Unbound on-line journal receives approval


After two years in which committed students had embarked on a journal-approval adventure, Unbound was accepted on a probationary basis by the administration to become the latest Harvard Law School publication. The announcement comes just in time for journal editors to begin thinking of how they will lure the lifeblood of any journal, incoming 1Ls, away from other journals.

Unbound will be published exclusively online and “will involve creative article formats which will incorporate streaming video, author profiles, and links to related avenues for legal activism,” said 2L Lena Salaymeh, who has worked since the beginning for administration approval and will be co-editor next year along with 2L Aaron Lamb. “Unbound has a distinct intellectual mission: to implement an interdisciplinary, external approach that analyzes the underlying assumptions and consequences of the legal system and attempts to suggest alternatives.”

The editors of the journal hope to encourage more interaction between faculty and students through a faculty lecture and lunch series and by creating affiliated faculty profiles. “Unbound will utilize the creative possibilities of the e-journal format in order to facilitate a discourse for law school students interest in various critical approaches to understanding law,” Salaymeh said.

Prof. Terry Martin, Chair of the Journals Committee, said at first most committee members were skeptical of the concept of an online journal. Citing the lack of office space and resources as the main impetus for the rejection of the proposed Journal of Sports and Entertainment Law, Martin found something different with Unbound. “Unbound was willing not only to publish in cyberspace but operate there as well,” Martin said. “They did not request an office. Since the journal will be free, Unbound did not require subscription management or business support.”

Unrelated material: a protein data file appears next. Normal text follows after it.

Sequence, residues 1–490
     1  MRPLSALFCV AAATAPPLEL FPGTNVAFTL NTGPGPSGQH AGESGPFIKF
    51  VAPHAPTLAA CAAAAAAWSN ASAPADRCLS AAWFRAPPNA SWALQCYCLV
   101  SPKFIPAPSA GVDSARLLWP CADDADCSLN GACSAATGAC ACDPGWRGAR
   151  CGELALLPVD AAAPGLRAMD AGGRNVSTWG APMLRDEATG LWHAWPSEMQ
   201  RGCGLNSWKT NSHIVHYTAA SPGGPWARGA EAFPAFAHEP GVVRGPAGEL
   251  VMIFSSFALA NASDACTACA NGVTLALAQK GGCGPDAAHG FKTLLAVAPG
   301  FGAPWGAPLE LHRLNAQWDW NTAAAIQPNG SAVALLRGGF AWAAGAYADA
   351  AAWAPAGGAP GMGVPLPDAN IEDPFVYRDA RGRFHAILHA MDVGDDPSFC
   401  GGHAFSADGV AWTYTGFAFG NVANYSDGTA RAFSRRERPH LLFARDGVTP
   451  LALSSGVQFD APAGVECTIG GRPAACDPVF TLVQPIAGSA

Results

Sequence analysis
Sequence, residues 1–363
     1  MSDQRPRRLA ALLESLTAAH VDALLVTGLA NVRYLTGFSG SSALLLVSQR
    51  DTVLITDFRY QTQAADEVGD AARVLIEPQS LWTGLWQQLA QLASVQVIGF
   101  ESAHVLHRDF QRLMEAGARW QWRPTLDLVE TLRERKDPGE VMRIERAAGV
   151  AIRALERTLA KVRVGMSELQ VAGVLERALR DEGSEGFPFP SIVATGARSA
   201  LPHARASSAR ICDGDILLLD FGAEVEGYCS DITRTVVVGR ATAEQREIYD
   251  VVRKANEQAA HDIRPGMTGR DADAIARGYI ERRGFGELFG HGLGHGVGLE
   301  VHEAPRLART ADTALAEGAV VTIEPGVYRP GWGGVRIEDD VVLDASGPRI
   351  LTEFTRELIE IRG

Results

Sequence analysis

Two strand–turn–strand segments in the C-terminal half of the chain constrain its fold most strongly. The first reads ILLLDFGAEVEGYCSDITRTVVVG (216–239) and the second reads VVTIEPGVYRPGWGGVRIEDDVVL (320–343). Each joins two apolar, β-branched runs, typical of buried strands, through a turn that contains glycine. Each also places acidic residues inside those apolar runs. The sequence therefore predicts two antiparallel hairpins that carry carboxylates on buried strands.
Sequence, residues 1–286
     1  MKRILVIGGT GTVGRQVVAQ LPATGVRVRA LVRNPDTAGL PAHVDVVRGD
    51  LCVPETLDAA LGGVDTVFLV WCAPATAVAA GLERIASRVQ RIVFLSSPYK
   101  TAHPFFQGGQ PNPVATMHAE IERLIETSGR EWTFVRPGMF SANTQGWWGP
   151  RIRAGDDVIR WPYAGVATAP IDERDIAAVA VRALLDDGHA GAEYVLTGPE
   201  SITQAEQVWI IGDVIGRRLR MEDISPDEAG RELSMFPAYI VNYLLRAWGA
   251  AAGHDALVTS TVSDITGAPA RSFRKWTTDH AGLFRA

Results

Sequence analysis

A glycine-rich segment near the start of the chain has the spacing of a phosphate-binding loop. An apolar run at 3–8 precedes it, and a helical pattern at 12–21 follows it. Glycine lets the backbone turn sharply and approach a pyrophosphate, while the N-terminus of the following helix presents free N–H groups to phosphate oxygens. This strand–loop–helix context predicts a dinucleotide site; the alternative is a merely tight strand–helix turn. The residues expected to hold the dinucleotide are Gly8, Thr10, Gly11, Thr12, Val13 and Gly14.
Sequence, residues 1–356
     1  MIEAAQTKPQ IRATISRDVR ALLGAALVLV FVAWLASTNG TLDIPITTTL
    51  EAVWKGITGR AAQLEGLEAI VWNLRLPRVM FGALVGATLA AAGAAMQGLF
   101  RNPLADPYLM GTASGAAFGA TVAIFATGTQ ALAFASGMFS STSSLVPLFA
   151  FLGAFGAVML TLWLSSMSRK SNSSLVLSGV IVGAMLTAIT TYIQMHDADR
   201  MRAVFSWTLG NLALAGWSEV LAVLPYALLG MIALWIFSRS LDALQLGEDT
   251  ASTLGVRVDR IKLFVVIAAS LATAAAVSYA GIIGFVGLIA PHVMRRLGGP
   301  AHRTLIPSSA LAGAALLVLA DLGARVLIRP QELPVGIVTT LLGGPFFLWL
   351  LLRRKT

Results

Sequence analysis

Martin also said the journal needs to have a system of measuring its own progress. “We need to establish some benchmarks of success or failure. … We need to be sure the product is good and the experience of participating is a positive one for our students. But I am hopeful that this experiment will be a success.”

The journal will be in operation next fall and interested students can apply for positions on the Board of Editors and as article editors. Professors Duncan Kennedy and Christine Desan, who acted as faculty advisers during the approval process, have both submitted articles for publication, as have several HLS students.

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